People undergoing new, uncommon or complex surgeries at Mayo Clinic may benefit from access to the clinic's expertise in 3D anatomic models. This technology helps with surgical planning, patient education and medical education.
The 3D anatomic modeling laboratories of the Department of Radiology use 3D printing to help doctors tailor the treatment of adults and children based on their exact anatomy. Studies in peer-reviewed medical journals show that the use of 3D-printed models improves surgical outcomes.
Anatomic modeling laboratories are available at the clinic's campuses in Arizona, Florida and Minnesota. Mayo Clinic is a leader in the movement to bring this technology into hospitals for the benefit of all people.
3D printing of patient's anatomy aids in surgical planning
At Mayo Clinic, radiologists and surgeons are teaming up to discover every possible detail about complex cases, before the operation. Use of virtual modeling and 3D-printed models can mean that patients experience less pain, shorter hospital stays and quicker recoveries.
How it works
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Accurate 3D anatomic models are based on people’s imaging results, such as CT or MRI scans. Before printing a 3D model, radiologists process the scans with sophisticated software to first create a virtual model color coded for each tissue type. Then one or more printer technologies are used to print, layer by layer, a life-size 3D model of the patients' anatomy.
The printer's jetting technology uses UV light to harden thin layers of liquid resin as it builds the structure one layer at a time. Most models are printed in plastic. Sometimes they're made of flexible materials so that surgeons can practice a surgical technique on a more lifelike model.
Applying technology to personalize treatment
3D printing can be a valuable tool for surgeons, who may use a 3D anatomic model specific to a patient to explain, plan or even practice surgery. During the digital preparation stage before printing, doctors may use the images for virtual surgical planning. After printing, being able to hold the anatomic model before beginning surgery may help in understanding anatomic anomalies or additional information that may change the surgical approach.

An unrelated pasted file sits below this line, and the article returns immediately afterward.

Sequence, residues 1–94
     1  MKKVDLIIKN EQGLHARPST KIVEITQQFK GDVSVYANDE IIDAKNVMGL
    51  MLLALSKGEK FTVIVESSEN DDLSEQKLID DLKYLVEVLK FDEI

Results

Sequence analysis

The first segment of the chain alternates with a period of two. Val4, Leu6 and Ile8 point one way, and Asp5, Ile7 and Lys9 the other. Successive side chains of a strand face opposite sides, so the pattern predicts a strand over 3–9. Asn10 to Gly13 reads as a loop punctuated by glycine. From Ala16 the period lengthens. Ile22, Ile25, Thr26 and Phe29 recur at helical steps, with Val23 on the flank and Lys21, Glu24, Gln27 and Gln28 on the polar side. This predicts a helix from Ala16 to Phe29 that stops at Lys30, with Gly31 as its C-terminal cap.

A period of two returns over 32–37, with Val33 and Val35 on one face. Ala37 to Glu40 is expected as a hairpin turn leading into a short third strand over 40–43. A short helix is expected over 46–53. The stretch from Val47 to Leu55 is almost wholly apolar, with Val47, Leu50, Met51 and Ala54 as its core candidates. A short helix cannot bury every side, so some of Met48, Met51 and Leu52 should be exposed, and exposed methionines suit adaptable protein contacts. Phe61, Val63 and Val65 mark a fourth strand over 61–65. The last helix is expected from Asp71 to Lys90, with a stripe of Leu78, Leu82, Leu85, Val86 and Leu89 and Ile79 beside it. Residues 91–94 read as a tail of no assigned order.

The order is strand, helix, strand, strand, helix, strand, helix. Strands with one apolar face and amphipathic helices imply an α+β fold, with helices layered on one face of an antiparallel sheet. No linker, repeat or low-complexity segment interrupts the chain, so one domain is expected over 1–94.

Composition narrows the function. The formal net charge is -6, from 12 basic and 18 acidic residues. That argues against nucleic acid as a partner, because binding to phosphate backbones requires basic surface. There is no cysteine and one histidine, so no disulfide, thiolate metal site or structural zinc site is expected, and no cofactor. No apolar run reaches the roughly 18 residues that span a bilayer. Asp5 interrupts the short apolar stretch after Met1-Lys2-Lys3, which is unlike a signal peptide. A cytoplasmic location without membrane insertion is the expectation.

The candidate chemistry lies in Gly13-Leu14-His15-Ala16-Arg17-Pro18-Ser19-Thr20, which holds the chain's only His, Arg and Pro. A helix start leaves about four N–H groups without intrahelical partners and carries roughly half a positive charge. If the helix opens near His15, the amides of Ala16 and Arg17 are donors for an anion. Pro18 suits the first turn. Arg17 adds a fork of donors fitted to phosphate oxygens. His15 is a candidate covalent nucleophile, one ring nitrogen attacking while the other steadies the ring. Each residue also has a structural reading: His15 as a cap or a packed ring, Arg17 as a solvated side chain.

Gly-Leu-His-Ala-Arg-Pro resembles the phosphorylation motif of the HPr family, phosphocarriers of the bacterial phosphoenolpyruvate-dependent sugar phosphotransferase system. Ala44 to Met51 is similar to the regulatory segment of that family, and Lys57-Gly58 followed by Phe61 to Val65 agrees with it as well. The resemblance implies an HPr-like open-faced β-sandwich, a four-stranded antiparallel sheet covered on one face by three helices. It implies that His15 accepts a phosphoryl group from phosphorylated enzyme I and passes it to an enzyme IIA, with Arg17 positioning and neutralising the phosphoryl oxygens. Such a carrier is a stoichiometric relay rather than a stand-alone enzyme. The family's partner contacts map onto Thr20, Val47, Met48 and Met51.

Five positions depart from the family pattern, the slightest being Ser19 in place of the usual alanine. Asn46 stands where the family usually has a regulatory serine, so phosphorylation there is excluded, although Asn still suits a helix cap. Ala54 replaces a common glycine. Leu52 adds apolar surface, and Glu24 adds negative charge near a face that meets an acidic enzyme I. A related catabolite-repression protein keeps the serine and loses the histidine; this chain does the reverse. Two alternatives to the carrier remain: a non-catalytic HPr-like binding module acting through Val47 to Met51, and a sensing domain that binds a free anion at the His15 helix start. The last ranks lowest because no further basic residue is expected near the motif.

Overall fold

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A team-based approach
Innovating with 3D anatomic models
Surgeons use the point-of-care manufacturing capabilities of the Mayo Clinic 3D anatomic modeling laboratories to conduct surgical rehearsals next to the operating room.
At Mayo Clinic nearly every medical and surgical specialty has accessed and benefited from the services of the anatomic modeling laboratories and the 3D models they produce. These specialties include pediatric otorhinolaryngology (ear, nose and throat), orthopedic surgery, oncologic surgery and cardiovascular surgery. Surgeries for which 3D-printed anatomic models are proved to be helpful include head and neck surgery, complex facial or airway reconstruction, heart surgery, lung surgery, joint reconstruction, and tumor removal.
These 3D models also play an important role in education and are used by Mayo Clinic's medical students, residents, fellows and experienced surgeons learning new or uncommon procedures.
Innovating with 3D modeling
The anatomic modeling laboratories:
- Have produced more than 6,000 models
- Produced Mayo Clinic's first model in 2006 to help the surgical team plan a complex surgery to separate conjoined twins
- Created models that have become the standard of care for multiple uses, including jawbones that have guided over 100 jawbone removals (mandiblectomies) and 300 hearts
Mayo Clinic physicians, scientists and engineers continually advance the study and practice of 3D modeling in surgery.
Research and innovation
Mayo Clinic experts in 3D anatomic modeling conduct research to develop new solutions that improve treatment. See a list of publications about 3D anatomic modeling by Mayo Clinic researchers on PubMed, a service of the National Library of Medicine.
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Nov. 26, 2020